The won led losses in Asian currencies this week after the Bank of Korea signaled its concern that economic growth is slowing amid speculation Japan will add to measures that weaken the yen.
South Korea’s currency had its biggest weekly decline in six weeks after the central bank left interest rates on Thursday and officials said the value of the yen, which has lost 9.8 percent against the US dollar this year, poses a threat to the economy.
“A number of factors are impacting the won: The first is the hit to Korean sentiment on the back of ongoing yen weakness and the second factor is the possibility of a rate cut spooking the markets,” Barclays PLC strategist Nick Verdi said in Singapore.
The won fell 1.8 percent this week to 1,110.95 per US dollar in Seoul, data compiled by Bloomberg show. Malaysia’s ringgit declined 0.8 percent to 3.1304 and Indonesia’s rupiah dropped 0.2 percent to 9,705.
In Taipei, the New Taiwan dollar rose 0.1 percent on Friday to NT$29.762 against its US counterpart, paring its weekly loss to 0.2 percent as exporters shifted to the buy side for the currency after the unit’s decline a day earlier to take advantage of a more favorable exchange rate, dealers said. It touched NT$29.81 on Monday, the weakest since Sept. 10 last year.
The central bank intervened again to prop up the greenback, helping the currency recoup some of its earlier losses in a bid to slow the pace of the NT dollar’s appreciation and boost the country’s global competitiveness, the dealers said.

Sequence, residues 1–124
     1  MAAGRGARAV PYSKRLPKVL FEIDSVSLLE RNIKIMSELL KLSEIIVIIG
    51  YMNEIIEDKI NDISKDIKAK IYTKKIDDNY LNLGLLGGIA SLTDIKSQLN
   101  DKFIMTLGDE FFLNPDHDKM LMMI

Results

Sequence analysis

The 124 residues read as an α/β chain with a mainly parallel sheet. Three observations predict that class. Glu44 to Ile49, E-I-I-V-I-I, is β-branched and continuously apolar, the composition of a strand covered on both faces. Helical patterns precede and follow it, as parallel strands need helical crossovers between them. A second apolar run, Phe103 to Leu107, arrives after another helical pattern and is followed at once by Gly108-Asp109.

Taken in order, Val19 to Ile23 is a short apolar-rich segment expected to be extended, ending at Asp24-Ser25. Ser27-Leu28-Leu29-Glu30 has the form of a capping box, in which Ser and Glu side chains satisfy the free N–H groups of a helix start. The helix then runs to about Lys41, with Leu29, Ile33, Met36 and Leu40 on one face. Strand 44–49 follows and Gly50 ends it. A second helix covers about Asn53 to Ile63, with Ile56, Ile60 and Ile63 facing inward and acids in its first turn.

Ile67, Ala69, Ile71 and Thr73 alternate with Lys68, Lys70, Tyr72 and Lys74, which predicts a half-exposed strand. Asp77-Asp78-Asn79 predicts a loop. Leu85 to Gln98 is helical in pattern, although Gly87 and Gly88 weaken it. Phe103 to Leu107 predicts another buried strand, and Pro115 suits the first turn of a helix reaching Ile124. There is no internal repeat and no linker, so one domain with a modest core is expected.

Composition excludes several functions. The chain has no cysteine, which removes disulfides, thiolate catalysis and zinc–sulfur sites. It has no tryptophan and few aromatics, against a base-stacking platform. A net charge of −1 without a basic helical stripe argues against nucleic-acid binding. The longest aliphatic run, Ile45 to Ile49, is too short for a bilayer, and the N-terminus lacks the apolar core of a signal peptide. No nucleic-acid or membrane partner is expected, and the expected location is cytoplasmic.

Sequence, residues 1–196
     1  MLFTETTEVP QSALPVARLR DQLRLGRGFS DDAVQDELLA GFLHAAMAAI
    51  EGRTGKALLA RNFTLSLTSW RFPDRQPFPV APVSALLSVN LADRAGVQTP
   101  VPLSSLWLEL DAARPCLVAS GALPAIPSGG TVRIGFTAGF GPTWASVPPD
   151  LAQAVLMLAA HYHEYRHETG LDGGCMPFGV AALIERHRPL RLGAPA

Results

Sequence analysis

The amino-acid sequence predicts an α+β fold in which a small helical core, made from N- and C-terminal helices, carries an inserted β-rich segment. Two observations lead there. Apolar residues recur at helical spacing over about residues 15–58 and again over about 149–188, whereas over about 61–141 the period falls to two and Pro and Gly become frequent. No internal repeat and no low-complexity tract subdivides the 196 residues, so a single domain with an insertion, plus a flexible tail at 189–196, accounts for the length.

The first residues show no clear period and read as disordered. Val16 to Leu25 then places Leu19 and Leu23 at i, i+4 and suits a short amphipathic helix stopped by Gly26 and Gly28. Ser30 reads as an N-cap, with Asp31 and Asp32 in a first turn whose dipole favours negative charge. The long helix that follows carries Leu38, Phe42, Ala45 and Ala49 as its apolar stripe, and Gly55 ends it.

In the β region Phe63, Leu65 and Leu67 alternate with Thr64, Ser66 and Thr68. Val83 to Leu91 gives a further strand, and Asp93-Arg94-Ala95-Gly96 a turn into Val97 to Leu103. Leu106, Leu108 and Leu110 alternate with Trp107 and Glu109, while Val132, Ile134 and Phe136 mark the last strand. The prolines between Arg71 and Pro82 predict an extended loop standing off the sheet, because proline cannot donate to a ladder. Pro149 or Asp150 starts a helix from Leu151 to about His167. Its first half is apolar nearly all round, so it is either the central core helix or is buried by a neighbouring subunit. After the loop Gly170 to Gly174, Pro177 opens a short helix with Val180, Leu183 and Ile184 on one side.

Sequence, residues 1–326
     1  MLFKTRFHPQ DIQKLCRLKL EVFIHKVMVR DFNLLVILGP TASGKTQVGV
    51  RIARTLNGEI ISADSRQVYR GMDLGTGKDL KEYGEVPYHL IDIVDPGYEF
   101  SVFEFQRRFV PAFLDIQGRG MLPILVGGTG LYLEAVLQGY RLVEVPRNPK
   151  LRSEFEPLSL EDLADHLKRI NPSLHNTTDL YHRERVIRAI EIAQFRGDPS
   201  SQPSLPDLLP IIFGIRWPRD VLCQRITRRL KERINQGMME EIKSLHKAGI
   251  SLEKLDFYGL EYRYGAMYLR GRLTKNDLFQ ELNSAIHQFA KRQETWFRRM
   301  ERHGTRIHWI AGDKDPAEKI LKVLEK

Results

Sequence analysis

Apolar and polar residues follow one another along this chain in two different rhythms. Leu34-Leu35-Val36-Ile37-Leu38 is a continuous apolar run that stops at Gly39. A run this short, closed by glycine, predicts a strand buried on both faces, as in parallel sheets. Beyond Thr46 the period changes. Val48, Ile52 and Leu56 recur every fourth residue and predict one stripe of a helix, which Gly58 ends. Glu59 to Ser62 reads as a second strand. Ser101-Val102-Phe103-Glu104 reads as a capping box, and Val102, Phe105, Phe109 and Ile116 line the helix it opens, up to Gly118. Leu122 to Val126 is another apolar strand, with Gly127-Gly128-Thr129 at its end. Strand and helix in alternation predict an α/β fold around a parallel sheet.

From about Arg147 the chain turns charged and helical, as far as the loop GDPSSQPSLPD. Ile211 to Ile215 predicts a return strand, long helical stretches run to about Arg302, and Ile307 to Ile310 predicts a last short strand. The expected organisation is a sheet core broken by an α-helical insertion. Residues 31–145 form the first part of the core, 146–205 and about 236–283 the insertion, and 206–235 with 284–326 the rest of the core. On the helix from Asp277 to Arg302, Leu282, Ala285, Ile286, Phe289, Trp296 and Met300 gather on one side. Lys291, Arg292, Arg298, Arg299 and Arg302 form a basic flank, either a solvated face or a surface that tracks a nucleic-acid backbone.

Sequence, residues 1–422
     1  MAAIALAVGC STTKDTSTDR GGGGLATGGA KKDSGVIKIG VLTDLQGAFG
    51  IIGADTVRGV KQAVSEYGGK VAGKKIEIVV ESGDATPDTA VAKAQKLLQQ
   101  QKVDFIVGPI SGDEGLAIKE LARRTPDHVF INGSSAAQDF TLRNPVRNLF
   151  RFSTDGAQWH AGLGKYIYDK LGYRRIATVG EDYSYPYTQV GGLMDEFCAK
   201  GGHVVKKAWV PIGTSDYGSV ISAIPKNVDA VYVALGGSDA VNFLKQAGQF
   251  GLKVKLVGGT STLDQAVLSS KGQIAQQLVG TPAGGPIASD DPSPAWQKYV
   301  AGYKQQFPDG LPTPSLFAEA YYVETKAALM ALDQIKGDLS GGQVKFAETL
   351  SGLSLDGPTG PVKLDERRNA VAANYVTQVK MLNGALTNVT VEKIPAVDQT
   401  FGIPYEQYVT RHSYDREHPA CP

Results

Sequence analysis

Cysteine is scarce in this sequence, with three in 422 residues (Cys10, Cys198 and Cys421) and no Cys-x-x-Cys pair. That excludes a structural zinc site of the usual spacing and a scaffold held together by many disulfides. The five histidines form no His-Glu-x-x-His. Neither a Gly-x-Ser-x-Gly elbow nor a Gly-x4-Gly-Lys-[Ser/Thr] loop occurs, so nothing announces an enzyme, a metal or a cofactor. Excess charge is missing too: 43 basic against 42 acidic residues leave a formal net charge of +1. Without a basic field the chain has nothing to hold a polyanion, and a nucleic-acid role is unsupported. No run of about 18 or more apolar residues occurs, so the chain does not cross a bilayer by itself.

Traders forecast that the central bank will continue its efforts to keep the Taiwan dollar cheaper, on expectations that the Bank of Japan will keep pumping funds into the market to lower the value of the yen, which could increase a currency depreciation competition in the region, the dealers said.
Concerns over a regional currency depreciation war have been running deeper, in particular after the new appointments to the Japanese central bank.
Elsewhere in Asia, the Philippine peso rose 0.2 percent to 40.607 and China’s yuan was steady this week at 6.2135 against the greenback, Bloomberg figures show. India’s rupee climbed 0.5 percent to 54.0250 and Thailand’s baht rose 0.6 percent to 29.53.
The Bloomberg JPMorgan-Asian Dollar Index lost 0.1 percent in the past five days, the most since the period through Feb. 8.
The US dollar halted a five-week rally against the euro that was backed by signals of a strengthening economy, as bullish momentum waned and a report on Friday showed that this month’s consumer sentiment was trailing forecasts.
The pound climbed the most since June against the US dollar this week as Bank of England Governor Mervyn King said policymakers are not trying to talk it down.
Sterling strengthened the most against the euro since the week ended on Feb. 8.
The pound advanced 1.3 percent in the week to US$1.5124 as of 5:03pm London time on Friday. It dropped to US$1.4832 on March 12, the weakest level since June 2010. Sterling strengthened 0.9 percent to ￡86.34 per euro.
The pound has dropped 5.3 percent this year, the second-worst performer after the yen among 10 developed market currencies tracked by Bloomberg Correlation-Weighted Indexes.
The US dollar depreciated 0.6 percent this week to US$1.3067 per euro in New York, touching the weakest level since Dec. 10 last year. The greenback fell 0.8 percent to ￥95.28, as the yen increased 0.2 percent to ￥124.58 per euro.
The Australian dollar was the biggest winner and Brazil’s real the biggest loser among the US dollar’s 16 most-traded counterparts this week.